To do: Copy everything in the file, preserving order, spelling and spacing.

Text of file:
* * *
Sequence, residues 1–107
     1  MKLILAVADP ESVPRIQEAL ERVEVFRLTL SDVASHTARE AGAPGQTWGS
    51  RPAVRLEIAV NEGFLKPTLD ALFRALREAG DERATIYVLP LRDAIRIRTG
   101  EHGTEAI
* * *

Sequence, residues 1–107
     1  MKLILAVADP ESVPRIQEAL ERVEVFRLTL SDVASHTARE AGAPGQTWGS
    51  RPAVRLEIAV NEGFLKPTLD ALFRALREAG DERATIYVLP LRDAIRIRTG
   101  EHGTEAI